Here, Raina’s mom uses the word entourage to refer to the group of people that surround the famous singer who is walking down the street. In this next example, Raina is back at school. She and her friend Jackie are over the popular crowd.

Raina: Ugh. I am so over Lisa thinking she’s so much better than all of us. Look at the way she struts around this school with her little entourage in tow/

Jackie: Ugh, I know. It’s so very Heathers of her.

Raina: At least that makes us Winona Ryder. 

Jackie: I’m not sure about that. I think it probably just makes us extras.

Here, Raina uses the word entourage to refer to Lisa’s posse.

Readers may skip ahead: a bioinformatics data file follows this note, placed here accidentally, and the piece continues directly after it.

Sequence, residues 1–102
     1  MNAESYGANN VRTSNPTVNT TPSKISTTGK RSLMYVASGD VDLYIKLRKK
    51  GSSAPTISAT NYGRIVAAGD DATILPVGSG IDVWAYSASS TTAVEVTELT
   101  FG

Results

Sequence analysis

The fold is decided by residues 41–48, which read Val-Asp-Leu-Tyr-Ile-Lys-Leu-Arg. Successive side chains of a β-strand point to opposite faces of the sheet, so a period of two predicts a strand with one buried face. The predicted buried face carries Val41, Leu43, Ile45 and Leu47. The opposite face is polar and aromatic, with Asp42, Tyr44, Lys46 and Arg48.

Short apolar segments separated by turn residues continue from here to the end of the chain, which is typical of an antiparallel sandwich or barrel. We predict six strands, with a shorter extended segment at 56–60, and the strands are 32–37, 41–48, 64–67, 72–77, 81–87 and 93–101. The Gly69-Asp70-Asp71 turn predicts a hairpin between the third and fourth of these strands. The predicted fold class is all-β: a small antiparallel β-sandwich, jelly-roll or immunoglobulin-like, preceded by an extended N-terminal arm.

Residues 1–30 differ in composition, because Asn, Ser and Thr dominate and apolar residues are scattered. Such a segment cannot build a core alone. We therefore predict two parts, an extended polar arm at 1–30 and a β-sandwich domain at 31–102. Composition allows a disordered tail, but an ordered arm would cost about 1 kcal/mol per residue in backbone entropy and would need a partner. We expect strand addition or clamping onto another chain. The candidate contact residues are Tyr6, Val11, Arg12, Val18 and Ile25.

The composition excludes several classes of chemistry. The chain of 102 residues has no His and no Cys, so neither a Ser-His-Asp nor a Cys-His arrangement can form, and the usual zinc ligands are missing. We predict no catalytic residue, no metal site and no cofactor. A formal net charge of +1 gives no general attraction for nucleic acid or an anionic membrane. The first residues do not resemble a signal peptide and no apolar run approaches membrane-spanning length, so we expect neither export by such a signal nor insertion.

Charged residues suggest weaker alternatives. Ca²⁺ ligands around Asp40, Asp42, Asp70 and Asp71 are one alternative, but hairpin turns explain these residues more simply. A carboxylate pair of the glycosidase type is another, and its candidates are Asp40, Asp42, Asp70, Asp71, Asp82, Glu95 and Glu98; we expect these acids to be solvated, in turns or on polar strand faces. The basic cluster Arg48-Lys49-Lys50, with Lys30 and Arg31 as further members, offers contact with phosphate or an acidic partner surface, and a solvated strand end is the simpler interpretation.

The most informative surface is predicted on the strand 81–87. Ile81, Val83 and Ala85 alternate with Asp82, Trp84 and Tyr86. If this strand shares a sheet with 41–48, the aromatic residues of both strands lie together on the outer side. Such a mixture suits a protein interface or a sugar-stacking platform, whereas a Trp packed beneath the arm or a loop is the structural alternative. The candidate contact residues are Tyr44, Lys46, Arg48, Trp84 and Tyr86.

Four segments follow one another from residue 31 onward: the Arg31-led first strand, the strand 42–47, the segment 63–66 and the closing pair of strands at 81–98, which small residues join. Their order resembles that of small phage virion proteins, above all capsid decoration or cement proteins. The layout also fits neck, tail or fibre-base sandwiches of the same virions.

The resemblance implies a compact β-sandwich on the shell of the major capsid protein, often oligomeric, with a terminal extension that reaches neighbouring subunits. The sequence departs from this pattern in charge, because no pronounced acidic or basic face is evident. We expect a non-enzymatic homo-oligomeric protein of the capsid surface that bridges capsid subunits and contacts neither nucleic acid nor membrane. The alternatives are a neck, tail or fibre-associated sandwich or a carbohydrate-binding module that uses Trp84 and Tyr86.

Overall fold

What is the origin of the word entourage?

According to Etymonline, the word entourage has been used since the year 1832 to refer to someone’s surroundings or environment. This was picked up by De Quincey from the French entourage, which is a noun that is taken from the verb entourer which means to surround. The French entourer has been used since the 16th century. This comes from the Old French entour which means that which surrounds. The Old French entour has been used since the 10th century. This comes from the prefix en meaning in and the root tour meaning a circuit. This was specifically used to refer to some attendant persons or followers in English by the year 1860. 

What are synonyms and antonyms for the word entourage?